A new study from the U.S. Fish and Wildlife Service points to agricultural conversion as the chief reason wetlands and grasslands have been lost in the prairie pothole region, while also noting farmers’ conservation efforts account for most wetland recovery recorded during the study period.
According to “Status and Trends of Prairie Wetlands in the United States 1997 to 2009” released this week, the USFWS said agriculture accounted for 95% of wetland area lost during the period.
The study stopped short of pointing to ethanol and other biofuels as a driver in the loss of wetlands and grasslands in the prairie pothole region of North Dakota, South Dakota, Iowa and Minnesota. Recent land conversion reports by environmental groups have specifically laid the loss of wetland habitats on the run-up in corn prices driven by need to feed ethanol plants.
The 80-page USFWS study makes only a passing reference to biofuels and breaks no new ground on the question of how much — if any — blame should be laid on expanded ethanol production.
“A number of studies have shown that agricultural drainage continues to be one of the greatest threats to wetlands in the PPR,” the study said. “The continuing emphasis on increased crop production for biofuels places additional pressure on wetland conversion to agriculture in the PPR.”
A study earlier this year by the Environmental Working group came out more strongly against biofuel production in regard to wetland conversion. That study was based on satellite imagery from a more recent period, 2008 through 2012.
The USFWS study said farmed wetlands declined by an estimated 45,310 acres between 1997 and 2009. An estimated 6,175 acres, or 13.6%, of these areas were converted to other wetland types. Some 86% of farmed wetlands were converted to upland agriculture.
“The loss of farmed wetland to upland agriculture was determined by the loss by wetland hydrology (i.e. drainage via ditching, tile drains or land leveling fill in some cases),” the study said. “These farmed wetlands are very vulnerable to drainage because they are usually small, in close proximity to existing farm field operations and can be easily drained, usually without penalty under existing regulations.”
Wetland losses to agriculture between 1997 and 2009 came from the conversion of farmed wetlands and small temporarily flooded emergent wetland basins, according to the study. Farmed wetlands are wetlands tilled for agriculture that retain their wetland characteristics.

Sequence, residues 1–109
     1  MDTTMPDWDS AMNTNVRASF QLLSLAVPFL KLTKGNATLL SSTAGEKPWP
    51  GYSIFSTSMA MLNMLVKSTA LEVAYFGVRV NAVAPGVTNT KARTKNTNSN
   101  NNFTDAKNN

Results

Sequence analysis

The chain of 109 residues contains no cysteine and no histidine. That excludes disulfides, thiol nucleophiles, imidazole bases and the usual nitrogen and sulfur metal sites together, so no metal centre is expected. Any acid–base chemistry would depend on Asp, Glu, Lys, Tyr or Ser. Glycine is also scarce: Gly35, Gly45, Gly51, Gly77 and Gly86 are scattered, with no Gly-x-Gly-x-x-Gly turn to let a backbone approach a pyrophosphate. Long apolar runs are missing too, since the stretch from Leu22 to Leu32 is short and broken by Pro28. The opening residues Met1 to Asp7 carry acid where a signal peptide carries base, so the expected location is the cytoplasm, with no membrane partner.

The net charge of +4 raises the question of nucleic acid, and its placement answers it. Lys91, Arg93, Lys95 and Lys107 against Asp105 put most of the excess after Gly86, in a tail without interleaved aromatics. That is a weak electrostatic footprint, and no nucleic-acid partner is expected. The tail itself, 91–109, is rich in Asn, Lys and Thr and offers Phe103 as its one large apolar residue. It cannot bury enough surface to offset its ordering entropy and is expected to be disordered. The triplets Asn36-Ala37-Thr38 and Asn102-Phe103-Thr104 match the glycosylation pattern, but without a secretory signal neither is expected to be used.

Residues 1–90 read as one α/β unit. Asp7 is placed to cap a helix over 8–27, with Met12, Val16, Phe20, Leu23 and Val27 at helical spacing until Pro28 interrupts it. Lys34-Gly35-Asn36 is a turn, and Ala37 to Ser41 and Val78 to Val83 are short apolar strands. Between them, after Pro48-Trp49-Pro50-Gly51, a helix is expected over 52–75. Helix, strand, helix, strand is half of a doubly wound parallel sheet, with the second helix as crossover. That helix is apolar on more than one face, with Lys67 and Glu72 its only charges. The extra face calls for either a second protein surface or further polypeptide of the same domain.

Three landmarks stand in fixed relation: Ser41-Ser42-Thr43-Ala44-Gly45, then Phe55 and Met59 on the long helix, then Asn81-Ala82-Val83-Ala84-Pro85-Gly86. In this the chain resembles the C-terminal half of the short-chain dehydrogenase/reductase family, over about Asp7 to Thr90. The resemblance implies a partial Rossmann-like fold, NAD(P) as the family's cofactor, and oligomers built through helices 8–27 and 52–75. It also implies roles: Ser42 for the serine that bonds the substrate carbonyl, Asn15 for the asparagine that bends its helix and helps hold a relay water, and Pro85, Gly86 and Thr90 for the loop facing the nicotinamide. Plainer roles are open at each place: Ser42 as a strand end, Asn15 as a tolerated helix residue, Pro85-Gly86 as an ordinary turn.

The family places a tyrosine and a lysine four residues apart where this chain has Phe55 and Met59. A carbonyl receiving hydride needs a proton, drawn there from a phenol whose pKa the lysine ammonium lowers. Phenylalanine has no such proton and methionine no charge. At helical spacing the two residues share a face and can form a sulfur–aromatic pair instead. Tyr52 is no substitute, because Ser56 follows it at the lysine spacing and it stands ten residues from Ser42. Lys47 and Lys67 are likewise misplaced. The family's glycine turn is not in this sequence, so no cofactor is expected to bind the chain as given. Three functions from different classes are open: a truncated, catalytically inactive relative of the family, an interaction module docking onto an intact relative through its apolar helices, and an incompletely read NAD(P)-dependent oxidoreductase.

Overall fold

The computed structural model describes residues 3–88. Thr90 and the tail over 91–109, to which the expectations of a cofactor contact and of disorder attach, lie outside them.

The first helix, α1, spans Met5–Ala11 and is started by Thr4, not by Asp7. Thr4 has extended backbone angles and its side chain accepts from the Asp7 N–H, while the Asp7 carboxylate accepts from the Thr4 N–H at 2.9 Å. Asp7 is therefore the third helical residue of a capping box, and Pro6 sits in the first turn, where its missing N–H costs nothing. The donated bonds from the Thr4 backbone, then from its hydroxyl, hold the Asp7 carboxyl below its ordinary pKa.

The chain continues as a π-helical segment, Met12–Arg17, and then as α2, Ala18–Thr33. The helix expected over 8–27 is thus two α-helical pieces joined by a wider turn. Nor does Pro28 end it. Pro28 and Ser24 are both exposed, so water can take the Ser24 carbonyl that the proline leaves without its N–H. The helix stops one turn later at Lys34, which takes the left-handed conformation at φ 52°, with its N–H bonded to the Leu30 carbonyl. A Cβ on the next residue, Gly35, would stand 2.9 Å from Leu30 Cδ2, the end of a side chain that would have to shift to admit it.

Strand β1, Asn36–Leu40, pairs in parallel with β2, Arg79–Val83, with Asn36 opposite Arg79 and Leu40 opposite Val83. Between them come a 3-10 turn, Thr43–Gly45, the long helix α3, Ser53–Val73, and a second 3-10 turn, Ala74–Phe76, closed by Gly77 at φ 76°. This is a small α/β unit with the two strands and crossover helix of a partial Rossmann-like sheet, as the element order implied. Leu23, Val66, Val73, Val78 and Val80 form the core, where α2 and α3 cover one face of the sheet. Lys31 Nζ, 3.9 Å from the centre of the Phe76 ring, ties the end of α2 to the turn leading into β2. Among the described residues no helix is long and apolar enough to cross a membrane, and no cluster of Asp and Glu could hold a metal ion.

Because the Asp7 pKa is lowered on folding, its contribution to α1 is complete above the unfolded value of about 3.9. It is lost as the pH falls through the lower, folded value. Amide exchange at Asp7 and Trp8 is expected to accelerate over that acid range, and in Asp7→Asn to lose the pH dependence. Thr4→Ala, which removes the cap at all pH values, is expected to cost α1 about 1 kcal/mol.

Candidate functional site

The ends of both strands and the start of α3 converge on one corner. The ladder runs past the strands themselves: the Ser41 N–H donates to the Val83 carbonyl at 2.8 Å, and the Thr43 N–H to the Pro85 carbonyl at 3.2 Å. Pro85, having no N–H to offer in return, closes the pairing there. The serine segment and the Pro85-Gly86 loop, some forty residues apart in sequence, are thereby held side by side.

Between 1997 and 2009, an estimated 87,690 acres of emergent wetland was restored from agricultural lands, according to the study. “These restored wetlands averaged 5.8 acres and were seasonally or semi-permanently flooded areas,” the study said.
“The results of these wetland restoration efforts were overshadowed by the loss of 125,400 acres of emergent wetland converted to upland agriculture. The deficit, represented by a loss of 37,770 acres, indicated that the no-net-loss of wetland policy goal had not yet been reached in this region.”
Previous DTN reporting found that farmers in South Dakota, for example, have turned to tiling to drain farmed wetlands that in some seasons would not otherwise be available for production.
While tiling has been helpful to production agriculture in the region, the study said the practice contributes to wetlands loss and jeopardizes recovery efforts.
“Subsurface tile drainage systems have been popular with some landowners for removing surface waters and wetlands in both southwestern Minnesota and Iowa, and this trend has extended into portions of the Dakotas,” the study said. “In some areas, these drainage networks are so extensive they have effectively altered regional hydrology and may have ramifications for the success of any future wetland restoration projects that attempt to reestablish hydrologic connectivity to wetland complexes.”
The study said temporary wetlands are a “major component” of the wetland ecosystem, accounting for an estimated 49% of all remaining wetland basins in 2009. The study said losses of temporary and farmed wetland area approached 133,000 acres between 1997 and 2009.
Despite agriculture’s role in lost wetlands, the study said “the majority of emergent wetland restoration or creation in the PPR stems from conservation programs on agricultural lands or agricultural land management approaches.
“Conservation provisions as part of the farm bill legislation have deterred some wetland drainage for crop production in the Dakotas, but have not totally eliminated wetland losses to agriculture,” according to the study. “Studies indicate that considerable wetland gains (upwards of 59% of wetland restoration or creation) by area occurred on agricultural lands between 1997 and 2007.”
The study found that grassland accounted for about 21.1 million acres in the prairie pothole region in 2009. Total net losses of grasslands in the region between 1997 and 2009 totaled about 568,000 acres.
The USFWS said while the “interaction between grassland and row-crop agriculture” was the primary cause for land use change in the region, non-agricultural land use accounted for some 27,310 grassland acres lost. That includes expanding urban areas and infrastructure. Loss of grassland habitat has also been reported owing to planting trees and suppression of grazing and fire in the prairie region, the study said.
“The annual rate of loss of grassland area was estimated at 0.2%,” the study said. “An estimated 95% of the grassland area lost between 1997 and 2009 was attributed to agricultural operations, primarily crop production. There is inherently some overlap between grassland as defined in this study with agricultural lands. For example, agricultural fields planted to alfalfa as a crop rotation practice or fallow fields are still agricultural lands that produce ‘grass.’
“It is likely that grassland to cropland conversion will increase if agricultural commodity prices continue to follow recent trends.”